Asylum seekers contest ‘noise’ fine for pot banging protest

Pan and spoon protesters fined for infringing COA house rules on noise Photo: Depositphotos

An asylum seeker is contesting fines for making a “noisy” protest in an asylum centre and taking photographs of a wounded man to help him get aid, saying they are disproportionate and a breach of his constitutional rights.

The man, 33 and from Syria, who asked to be referred to by his initials M.A, claimed in court that two fines believed to total around €100 were incorrectly levied by asylum organisation COA.

He appeared at a hearing in Groningen on Wednesday to protest the penalties for incidents on March 28 and April 16 this year, which happened at a temporary asylum location on the Regulusweg in The Hague.

In the first incident, the court heard, he and around 35 people were “striking” in the afternoon in a public reception room because they wanted to speak to the location manager about conditions. They were banging with spoons on pans, which the asylum organisation COA had said was a “mid-impact” breach of house rules, on a level of three out of 11, causing “light damage” in terms of noise nuisance. It fined him and four others €12.95 in reduced allowance for four weeks.

House rules

In a second incident, the man took and messaged images of another asylum seeker’s hand injury from an accident to a Dutch-speaking contact, after the man had been bleeding for 100 minutes, to help him get urgent hospital care. This was also deemed a breach of “house rules” in the centre, and he was fined with reduced weekly “pocket money”, the state-funded COA said in court documents.

Although the judge said that the court could only rule on whether or not the fines were correctly imposed, the asylum seeker told the judge his actions were motivated by desperation at sub-standard conditions.

“The level of doing things in the camp is far below a respectable level, there are bad conditions and bad treatment, and nobody listens to our complaints,” he told the court, through an Arabic interpreter. “If we ask anyone in administration, they say we have to talk to the director.

“Nobody dared to talk about it. We took action to make it known that there are problems for the residents. Before I came here, I had a lot of dreams. I don’t have any hope any more.

“Every resident has their own story, worries about the destruction of their hopes, ambitions, expectations. In our camp there are so many protests and three people have tried to kill themselves.”

He added that he had found and signed a work contract but said the COA would not cooperate, which was deeply “depressing”.

Pan with a spoon

He claimed residents had tried for 13 months to contact their location manager, first checked to see if anyone was available on other floors and then began a protest on the ground floor. His lawyer, Pim Fischer, said this was an open access space and nowhere near living accommodation for some 370 asylum seekers on upper floors.

“Pots and pans were brought from upstairs where there was a kitchen,” Fischer told the court. “It cannot be the case that this disturbed other asylum seekers. Pot banging is the classic manner in which protests develop, for example in Chile. This is an expression of protest, a pan with a spoon.”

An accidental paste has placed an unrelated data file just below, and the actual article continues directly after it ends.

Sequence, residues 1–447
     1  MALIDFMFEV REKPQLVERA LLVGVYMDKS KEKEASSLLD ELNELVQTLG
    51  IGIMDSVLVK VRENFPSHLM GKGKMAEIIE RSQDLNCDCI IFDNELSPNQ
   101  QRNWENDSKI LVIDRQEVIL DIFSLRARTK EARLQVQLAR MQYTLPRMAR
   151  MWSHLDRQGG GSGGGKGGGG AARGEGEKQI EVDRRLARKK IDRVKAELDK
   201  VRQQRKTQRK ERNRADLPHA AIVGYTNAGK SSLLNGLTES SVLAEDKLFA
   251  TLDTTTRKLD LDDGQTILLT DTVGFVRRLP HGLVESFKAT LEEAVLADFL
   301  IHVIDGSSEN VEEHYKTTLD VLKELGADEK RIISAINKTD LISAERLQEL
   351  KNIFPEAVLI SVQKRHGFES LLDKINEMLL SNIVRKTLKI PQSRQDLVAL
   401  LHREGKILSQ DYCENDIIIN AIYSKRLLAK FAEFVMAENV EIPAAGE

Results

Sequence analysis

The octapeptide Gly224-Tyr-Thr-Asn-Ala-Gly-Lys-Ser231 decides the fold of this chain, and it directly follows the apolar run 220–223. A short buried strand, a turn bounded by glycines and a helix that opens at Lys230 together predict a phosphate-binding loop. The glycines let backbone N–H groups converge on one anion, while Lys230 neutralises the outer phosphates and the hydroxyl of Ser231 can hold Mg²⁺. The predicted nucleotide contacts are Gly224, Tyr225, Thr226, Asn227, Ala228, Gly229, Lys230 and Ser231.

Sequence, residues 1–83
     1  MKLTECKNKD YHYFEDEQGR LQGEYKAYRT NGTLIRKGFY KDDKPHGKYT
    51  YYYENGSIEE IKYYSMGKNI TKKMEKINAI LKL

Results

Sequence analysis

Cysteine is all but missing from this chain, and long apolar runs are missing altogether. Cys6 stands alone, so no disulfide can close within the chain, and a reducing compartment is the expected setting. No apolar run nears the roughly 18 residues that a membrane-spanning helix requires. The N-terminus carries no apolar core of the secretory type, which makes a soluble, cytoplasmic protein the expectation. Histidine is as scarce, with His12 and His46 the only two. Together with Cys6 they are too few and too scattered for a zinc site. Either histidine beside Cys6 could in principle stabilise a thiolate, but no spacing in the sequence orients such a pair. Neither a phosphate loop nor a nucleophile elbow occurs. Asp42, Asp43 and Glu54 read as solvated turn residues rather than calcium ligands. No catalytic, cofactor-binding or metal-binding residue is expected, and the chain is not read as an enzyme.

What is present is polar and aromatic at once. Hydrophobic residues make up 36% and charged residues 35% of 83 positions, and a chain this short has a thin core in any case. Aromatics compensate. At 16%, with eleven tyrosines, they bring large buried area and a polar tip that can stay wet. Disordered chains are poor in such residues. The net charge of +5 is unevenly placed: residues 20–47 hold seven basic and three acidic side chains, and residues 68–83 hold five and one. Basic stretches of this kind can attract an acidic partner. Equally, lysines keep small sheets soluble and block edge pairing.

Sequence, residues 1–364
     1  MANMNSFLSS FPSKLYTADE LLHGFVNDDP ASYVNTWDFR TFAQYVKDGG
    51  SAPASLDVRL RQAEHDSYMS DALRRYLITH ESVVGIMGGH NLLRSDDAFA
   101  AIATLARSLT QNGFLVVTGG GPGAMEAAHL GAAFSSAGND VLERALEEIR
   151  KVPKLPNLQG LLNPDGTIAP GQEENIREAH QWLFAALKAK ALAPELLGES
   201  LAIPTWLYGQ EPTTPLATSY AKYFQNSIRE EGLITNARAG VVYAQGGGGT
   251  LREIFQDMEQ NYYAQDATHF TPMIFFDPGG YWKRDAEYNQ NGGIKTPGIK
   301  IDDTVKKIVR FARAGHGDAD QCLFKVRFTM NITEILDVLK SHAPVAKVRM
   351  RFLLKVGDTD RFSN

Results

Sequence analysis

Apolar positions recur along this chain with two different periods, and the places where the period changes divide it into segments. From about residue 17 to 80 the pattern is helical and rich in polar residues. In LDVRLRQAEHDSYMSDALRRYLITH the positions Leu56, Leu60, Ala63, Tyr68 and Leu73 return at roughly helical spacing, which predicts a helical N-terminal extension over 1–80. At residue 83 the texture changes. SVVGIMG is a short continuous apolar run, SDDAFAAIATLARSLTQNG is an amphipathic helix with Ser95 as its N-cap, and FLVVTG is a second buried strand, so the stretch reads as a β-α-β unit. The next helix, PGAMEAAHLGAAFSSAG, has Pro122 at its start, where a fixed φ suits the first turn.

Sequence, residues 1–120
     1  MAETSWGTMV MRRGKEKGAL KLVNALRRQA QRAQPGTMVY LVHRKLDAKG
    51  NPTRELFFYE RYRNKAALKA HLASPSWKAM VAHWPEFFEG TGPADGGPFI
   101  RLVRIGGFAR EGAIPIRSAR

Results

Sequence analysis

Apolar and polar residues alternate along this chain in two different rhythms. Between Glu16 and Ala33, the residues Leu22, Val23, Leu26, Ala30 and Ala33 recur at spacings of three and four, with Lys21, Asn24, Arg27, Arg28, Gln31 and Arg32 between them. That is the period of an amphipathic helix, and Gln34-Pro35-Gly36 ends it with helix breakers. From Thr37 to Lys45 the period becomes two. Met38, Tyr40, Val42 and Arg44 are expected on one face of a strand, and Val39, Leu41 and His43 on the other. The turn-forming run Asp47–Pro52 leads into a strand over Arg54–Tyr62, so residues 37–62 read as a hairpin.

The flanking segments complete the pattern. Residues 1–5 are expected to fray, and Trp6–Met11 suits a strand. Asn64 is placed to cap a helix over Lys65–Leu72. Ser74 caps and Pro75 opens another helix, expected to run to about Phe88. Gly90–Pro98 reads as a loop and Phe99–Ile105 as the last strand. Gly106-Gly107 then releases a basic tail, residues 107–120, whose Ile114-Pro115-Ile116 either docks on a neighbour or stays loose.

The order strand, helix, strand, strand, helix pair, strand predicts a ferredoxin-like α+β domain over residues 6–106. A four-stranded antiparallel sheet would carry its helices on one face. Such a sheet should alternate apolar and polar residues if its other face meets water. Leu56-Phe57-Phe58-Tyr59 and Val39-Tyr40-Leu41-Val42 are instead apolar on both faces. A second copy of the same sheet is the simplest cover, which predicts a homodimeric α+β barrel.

The asylum seeker told the court that administrative workers and security guards took it in good spirits. “The people danced from the administration and security to our sound – or ‘noise’,” he said. “The only thing we wanted was a meeting with the director to make our complaints known.  But…to this day, nobody has met him.”

A lawyer for the COA, who did not wish to give Dutch News her name, told the court house rules were to protect the privacy and safety of employees and other asylum seekers. “The COA has a group of 400 people and needs to care for their safety,” she said. “The behaviour rules are an interpretation of societal norms…This is why we have house rules, and this gentleman broke them. Regarding noise, many people have so many problems, for them noise can be a trigger and that’s what the house rules are for.

“Privacy in general is a great good, and it is forbidden to make recordings of workers, residents and visitors. The gentleman says he had permission, but this was not at all the case.”

The COA did not submit evidence of residents’ complaints about noise from the incident or video material of either incident, although it is believed the location has its own cameras.


The asylum seeker said he first deleted images of an injured man made – he said – with permission of the man and a security guard present. He did not submit evidence of this.

He told the judge he had retrieved one file from his phone’s “bin” when he received a fine. The image of a man’s bleeding hand, a blood-stained cloth and multiple blood spots on the floor was shown in court.

Around 20 asylum seekers and supporters attended the hearing with migrant interest association, MiGreat.

Fischer told Dutch News that this was the first known case involving fines relating to a protest. “We recognise people have the right to protest,” he told Dutch News. “They made too much noise while protesting. You can protest against living conditions but not make noise? What you [the COA] are doing is contrary to Dutch law. Everyone has the right to protest in the Netherlands. We will see if it’s legal – putting house rules above the law.”

Roos Ymeka, chair of MiGreat, said that in her view the fines were “very strange and wrong”. She told Dutch News that whistleblower rights should also weigh more heavily than house rules.

A spokesperson for the COA told Dutch News that it does not comment on ongoing court cases. A verdict is expected in six weeks.

Additional reporting Lauren Comiteau

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